The educational exhibits include information about the mining, science and grading of turquoise, in addition to lapidary techniques, turquoise imitations and the purported mystical qualities of the stone.  One bit of information that stood out is the fact that only “natural turquoise” is real.  Real turquoise can be anything at all.  It is easy to be duped into buying something that isn’t natural even if it is called “real”.

The castle itself was fascinating, done in the European style of a great castle, filled with antiques, stained glass windows, a gorgeous spiral staircase, and 127 crystal chandeliers.  Hard to imagine that such opulence was only built in 2008!

As we left the main showrooms of the museum, we were funneled into a very tiny commercial area with turquoise for sale.  It was really a disservice to the museum people and to us because we had only a few minutes to get back to the bus and no time at all to peruse the fabulous turquoise items that were displayed.  The museum is near downtown and is definitely worth much more time than we were given.

Feeling a bit sad about our truncated visit to the museum, we once again boarded the red bus for the short trip to Old Town. Like many historic towns in New Mexico, Old Town Albuquerque is built around a plaza.  There are restaurants and shops, and a bandstand in the center of the square. 

Mo and I visited Old Town on our first MoHo cross country trip in 2007, and had delightful memories of a Christmas time supper at the charming Church Street Cafe, located in a house that was built during the founding of Albuquerque sometime after 1706. This would make Casa de Ruiz the oldest residence in Albuquerque and one of the oldest structures in the state of New Mexico.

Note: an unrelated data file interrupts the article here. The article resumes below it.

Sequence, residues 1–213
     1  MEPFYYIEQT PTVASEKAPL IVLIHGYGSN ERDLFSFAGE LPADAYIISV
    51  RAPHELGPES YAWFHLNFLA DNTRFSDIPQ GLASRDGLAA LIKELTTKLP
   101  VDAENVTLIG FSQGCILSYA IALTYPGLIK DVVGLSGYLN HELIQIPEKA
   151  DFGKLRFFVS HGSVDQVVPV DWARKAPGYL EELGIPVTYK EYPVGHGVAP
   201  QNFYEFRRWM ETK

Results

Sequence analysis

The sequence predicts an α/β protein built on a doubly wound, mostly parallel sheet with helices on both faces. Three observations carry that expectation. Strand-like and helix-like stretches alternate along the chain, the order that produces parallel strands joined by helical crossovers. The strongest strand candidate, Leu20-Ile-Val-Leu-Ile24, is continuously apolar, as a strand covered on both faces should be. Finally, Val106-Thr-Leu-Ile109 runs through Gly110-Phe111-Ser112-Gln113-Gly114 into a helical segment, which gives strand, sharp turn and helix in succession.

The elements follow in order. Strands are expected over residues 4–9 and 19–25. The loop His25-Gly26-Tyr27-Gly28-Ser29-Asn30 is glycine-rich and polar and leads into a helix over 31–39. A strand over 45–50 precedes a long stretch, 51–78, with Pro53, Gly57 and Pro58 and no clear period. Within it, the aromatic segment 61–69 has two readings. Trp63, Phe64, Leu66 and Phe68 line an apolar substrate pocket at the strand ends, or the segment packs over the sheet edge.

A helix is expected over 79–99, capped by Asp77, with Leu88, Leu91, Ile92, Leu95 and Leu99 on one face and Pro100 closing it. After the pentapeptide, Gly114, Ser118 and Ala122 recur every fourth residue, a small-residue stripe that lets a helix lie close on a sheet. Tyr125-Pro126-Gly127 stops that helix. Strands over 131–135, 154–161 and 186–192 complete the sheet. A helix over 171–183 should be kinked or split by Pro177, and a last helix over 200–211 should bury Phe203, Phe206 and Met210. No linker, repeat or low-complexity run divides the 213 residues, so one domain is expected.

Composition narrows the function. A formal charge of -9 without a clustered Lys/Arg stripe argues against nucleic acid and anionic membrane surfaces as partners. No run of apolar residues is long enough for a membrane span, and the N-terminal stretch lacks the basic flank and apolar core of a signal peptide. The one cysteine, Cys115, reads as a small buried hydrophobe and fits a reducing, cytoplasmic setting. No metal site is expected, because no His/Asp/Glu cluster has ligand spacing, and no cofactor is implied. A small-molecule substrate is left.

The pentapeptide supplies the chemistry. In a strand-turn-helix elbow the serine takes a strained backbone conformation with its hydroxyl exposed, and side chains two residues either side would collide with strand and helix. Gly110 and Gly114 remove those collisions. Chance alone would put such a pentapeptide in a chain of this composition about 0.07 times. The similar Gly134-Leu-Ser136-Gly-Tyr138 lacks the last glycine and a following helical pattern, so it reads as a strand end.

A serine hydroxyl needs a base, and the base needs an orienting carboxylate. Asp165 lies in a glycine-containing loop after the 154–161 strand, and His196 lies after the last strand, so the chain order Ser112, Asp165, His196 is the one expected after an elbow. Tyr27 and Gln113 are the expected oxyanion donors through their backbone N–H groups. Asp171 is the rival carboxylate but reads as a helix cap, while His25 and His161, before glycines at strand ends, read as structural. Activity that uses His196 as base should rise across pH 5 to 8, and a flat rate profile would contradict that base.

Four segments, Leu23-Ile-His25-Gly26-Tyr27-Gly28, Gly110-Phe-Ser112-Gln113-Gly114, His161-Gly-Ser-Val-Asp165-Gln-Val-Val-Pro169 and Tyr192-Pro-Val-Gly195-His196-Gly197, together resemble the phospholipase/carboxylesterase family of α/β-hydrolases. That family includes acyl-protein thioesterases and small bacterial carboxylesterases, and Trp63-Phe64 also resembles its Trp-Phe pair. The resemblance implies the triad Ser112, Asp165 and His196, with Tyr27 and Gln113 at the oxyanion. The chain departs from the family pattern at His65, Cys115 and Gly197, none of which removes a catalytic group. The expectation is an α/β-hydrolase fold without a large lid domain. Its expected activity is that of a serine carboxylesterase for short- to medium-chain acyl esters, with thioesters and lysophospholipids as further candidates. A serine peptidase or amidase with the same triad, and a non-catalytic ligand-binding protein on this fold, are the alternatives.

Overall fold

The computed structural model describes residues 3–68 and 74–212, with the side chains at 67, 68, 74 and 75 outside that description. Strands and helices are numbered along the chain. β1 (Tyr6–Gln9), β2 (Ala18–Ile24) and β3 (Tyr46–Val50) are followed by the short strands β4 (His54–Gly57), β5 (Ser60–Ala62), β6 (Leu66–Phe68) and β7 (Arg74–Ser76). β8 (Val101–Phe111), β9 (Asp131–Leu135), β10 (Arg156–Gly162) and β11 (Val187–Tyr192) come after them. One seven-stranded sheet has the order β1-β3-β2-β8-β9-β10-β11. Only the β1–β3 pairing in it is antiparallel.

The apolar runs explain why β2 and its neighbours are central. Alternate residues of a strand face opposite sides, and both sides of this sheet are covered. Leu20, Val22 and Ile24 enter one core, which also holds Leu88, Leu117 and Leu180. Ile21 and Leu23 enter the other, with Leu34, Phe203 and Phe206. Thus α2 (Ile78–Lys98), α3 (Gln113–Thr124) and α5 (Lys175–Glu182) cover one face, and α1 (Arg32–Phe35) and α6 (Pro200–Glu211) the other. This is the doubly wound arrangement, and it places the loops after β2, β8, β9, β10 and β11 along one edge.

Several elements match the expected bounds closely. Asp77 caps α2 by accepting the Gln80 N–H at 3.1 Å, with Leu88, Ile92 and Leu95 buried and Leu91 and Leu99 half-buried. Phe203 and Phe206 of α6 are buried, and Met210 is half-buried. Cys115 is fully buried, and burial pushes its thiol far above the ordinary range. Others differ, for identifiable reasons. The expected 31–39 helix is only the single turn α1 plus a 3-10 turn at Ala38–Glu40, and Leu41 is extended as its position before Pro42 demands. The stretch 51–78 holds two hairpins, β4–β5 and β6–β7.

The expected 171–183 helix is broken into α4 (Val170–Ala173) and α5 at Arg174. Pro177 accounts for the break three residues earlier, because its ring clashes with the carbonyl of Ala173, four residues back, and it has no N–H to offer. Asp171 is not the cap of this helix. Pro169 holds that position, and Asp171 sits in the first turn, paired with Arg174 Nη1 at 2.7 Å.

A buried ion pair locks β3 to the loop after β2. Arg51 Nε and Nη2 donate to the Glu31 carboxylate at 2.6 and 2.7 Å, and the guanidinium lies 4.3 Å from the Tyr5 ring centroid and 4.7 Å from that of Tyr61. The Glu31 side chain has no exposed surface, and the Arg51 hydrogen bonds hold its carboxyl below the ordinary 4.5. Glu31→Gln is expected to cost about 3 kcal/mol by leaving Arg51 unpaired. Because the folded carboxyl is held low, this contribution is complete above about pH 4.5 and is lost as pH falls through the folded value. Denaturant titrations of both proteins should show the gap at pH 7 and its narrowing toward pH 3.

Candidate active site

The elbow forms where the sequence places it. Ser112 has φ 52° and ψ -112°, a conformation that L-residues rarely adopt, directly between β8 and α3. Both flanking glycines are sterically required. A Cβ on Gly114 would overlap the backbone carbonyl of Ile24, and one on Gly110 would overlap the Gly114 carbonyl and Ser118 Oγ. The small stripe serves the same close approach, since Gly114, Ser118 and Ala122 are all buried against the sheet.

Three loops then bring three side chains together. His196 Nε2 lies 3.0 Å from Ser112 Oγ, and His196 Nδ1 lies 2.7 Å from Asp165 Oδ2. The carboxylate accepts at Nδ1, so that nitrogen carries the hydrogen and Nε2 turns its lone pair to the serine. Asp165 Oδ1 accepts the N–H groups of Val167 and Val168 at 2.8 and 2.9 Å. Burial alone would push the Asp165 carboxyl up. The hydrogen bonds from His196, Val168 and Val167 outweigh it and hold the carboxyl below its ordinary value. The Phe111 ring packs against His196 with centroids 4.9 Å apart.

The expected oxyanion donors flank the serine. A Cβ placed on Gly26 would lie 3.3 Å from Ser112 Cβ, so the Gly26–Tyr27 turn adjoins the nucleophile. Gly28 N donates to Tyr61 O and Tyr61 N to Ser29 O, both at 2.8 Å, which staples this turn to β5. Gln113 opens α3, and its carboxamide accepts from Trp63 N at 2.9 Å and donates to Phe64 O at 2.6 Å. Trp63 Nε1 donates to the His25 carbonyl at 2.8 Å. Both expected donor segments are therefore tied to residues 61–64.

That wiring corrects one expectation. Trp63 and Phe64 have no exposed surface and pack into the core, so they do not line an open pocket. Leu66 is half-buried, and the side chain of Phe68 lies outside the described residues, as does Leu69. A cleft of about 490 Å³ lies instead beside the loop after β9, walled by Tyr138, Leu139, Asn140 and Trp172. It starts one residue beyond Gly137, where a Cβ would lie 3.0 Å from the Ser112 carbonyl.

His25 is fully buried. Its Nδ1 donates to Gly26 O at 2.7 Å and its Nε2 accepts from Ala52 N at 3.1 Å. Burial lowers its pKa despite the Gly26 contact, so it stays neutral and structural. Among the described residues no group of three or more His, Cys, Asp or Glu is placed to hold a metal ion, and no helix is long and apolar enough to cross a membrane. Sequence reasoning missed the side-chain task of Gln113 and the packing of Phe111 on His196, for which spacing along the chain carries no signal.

We thought that going to the café first while the bus loads of tourists wandered around the square would ensure a quick lunch and we could explore afterward.  We were seated almost immediately, and our charming waiter encouraged us to order immediately, before the crowds arrived.  We did so, enjoyed our drinks, and waited, and waited, and waited.  The charming waiter was running around like crazy, and when I finally asked what happened to our meal, he was a bit short, saying, “I will deliver it when I get it!”.  A few minutes later, he humbly offered us a free cocktail, since he realized he had forgotten to place our order. 

We kept our sense of humor, especially after the amazing meal arrived, including “traditional” chile rellenos for me, accompanied by the lightest empanadas I ever tasted. By the time we left the restaurant, the crowds were huge and the wait lines were very long.

After lunch we listened to the mariachi music in the plaza for a time before wandering around the block enjoying the window displays.  This photo feels much like how I felt in Old Town, overloaded with touristy displays and too many people.  Unlike the Turquoise Museum where we felt entirely too rushed, we felt as though there was too much free time in Old Town and no place that we cared to explore among all the shops and tourists. 

Once again the group piled into the buses and we were taken just a short way north of town to the Indian Pueblo Cultural Center.  There was a store, some interesting exhibits, and some dancing, but nothing that I would consider spectacular.

The dancing wasn’t specific to the Pueblo tribes, which seemed a bit strange to me.  Some of the art was beautiful, and I especially enjoyed the play of light and shadow on this mural on one of the exterior walls.

At the end of the performance, they encouraged everyone to join in the Friendship Dance, another somewhat generic dance that we see often at Native American gatherings, not specific to the Pueblo tribes. Our new friends Elsie and Laura enjoyed the dancing. Elsie and Laura are friends from Southern California who often travel together.  They were parked just a couple of spots from us at the camping area and we enjoyed their company during the rally.

October 8 Sandia Peak